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Could Caterpillar Poop Take Down the Pesticide Industry?

Could Caterpillar Poop be the Best Natural Pesticide

They’re cute and fuzzy slow-moving creatures awaiting their transformation into fall armyworm moths, but these caterpillars may have another transformation in tow: turning their (presumably) cute caterpillar poop into a natural pesticide.

That’s the findings of recent research conducted by Penn State’s College of Agricultural Sciences. The paper looks at the fall armyworm larvae in its caterpillar stage, before it becomes the fall armyworm moth. According to Modern Farmer, “The caterpillar feeds on corn leaves, which can have a pretty nasty effect on the plant’s ability to survive and produce usable corn for farmers. Corn has natural defenses against caterpillars like the armyworm; plant defenses usually include the ability to send out foul-tasting enzymes to discourage pests from eating it, but somehow those defenses don’t work against the armyworm caterpillar.”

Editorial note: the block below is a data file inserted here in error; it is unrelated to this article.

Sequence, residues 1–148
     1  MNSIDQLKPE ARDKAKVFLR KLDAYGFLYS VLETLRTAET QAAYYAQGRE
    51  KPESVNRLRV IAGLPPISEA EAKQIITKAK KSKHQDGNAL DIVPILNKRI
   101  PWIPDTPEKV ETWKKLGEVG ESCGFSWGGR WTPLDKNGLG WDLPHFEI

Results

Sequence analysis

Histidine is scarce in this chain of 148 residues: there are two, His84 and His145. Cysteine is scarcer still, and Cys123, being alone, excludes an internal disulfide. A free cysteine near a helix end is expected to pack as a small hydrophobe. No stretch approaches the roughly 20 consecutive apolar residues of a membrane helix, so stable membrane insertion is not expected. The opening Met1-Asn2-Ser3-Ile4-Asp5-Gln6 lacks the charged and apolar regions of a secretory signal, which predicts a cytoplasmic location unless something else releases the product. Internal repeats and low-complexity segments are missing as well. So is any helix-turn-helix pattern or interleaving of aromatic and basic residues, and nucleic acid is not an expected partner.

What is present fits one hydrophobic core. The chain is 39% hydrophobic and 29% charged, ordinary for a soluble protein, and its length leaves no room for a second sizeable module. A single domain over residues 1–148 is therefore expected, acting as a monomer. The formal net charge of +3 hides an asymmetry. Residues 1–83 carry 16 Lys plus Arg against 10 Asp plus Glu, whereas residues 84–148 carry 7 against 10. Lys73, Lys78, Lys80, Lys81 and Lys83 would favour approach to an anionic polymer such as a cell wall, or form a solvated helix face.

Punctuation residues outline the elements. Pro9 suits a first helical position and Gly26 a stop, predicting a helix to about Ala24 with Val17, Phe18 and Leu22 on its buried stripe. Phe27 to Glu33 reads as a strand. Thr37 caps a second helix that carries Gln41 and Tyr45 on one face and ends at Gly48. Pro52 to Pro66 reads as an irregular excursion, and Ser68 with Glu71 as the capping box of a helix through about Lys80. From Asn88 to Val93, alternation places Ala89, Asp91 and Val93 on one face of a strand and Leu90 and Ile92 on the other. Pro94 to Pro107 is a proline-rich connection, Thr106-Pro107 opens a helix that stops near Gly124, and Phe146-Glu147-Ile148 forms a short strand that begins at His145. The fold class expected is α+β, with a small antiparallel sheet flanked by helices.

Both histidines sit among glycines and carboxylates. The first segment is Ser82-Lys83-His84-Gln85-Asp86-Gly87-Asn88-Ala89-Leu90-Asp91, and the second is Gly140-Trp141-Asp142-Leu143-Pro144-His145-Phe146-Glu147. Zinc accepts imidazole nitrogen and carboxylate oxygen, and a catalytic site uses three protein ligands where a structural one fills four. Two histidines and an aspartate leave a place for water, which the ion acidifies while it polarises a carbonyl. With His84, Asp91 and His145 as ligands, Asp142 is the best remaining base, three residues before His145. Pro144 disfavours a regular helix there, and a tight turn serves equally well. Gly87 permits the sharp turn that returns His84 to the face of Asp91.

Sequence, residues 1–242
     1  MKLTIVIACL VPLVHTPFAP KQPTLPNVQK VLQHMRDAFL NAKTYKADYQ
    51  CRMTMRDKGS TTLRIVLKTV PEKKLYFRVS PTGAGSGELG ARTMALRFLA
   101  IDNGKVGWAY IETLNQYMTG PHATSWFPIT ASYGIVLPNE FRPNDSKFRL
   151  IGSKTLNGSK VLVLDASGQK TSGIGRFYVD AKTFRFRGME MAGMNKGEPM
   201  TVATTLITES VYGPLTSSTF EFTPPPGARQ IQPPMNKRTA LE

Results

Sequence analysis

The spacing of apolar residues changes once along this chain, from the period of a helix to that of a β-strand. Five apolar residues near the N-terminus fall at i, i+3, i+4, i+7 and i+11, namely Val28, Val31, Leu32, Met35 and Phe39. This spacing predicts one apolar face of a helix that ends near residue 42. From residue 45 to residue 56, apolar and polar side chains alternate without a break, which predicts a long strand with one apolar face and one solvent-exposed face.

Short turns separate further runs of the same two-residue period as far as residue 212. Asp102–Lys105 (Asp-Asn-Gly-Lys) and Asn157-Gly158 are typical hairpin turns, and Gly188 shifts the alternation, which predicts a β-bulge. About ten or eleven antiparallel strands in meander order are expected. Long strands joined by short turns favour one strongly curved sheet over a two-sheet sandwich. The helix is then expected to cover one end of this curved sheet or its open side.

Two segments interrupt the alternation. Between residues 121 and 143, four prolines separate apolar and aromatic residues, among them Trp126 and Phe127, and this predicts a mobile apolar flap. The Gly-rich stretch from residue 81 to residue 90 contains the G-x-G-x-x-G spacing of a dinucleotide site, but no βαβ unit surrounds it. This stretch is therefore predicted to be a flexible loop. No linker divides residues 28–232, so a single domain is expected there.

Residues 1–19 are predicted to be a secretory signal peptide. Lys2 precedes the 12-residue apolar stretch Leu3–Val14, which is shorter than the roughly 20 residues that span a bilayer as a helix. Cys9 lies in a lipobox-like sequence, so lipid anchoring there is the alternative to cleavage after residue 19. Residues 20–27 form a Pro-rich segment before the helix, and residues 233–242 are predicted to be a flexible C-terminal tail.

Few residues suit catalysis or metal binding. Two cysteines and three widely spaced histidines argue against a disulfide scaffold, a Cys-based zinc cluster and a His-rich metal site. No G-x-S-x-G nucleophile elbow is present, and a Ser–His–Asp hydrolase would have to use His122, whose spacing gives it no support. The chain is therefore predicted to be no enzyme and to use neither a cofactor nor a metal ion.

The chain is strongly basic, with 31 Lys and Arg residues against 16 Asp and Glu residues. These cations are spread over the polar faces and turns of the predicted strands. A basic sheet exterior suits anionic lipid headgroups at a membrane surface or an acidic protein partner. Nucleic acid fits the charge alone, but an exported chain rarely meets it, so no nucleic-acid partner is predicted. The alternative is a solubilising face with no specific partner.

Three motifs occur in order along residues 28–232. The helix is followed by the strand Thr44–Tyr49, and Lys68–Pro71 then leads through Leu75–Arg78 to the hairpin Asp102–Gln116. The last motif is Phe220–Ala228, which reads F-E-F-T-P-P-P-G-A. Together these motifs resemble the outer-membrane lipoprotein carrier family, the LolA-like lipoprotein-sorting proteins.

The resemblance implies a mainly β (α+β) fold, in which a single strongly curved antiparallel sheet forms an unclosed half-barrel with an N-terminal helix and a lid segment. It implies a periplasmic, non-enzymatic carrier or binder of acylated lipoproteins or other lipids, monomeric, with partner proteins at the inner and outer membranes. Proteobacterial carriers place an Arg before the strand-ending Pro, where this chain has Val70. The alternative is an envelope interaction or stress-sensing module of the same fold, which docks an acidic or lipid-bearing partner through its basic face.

When the caterpillar poops out those bits of leaves (caterpillar poop is called “frass”), it sends a signal to the corn plant that triggers a fungal defense reaction, which actually makes it easier for the caterpillar to eat the leaves. And it's caught the eyes of scientists who think that caterpillar poop may also play a role as a natural pesticide that could replace the millions of tons of pesticides used on our crops each year.

“[B]ecause it merely triggers the plant to do what it’s evolved to do anyway,” Modern Farmer reports, this could be a major stepping stone for agricultural pest control. The vast majority of industrial pest (and weed) killers attack weaknesses in the offending pests (or plants), killing them. While this method may protect a crop against infestation and insure a farmer meets his yield, growing research points to significant health risks to humans from pesticide exposure.

Numerous pests have developed resistance to commercial pesticides, which has led farmers to apply chemicals more aggressively, as well as turn to stronger chemicals. But if plants can be encouraged to create their own defenses, they may also evolve adaptability, making them capable of fighting off predators no matter what they try. Triggering plants to use their own defense systems is kind of like training them to be caterpillars themselves: capable of incredible transformations.

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Caterpillar image via Shutterstock

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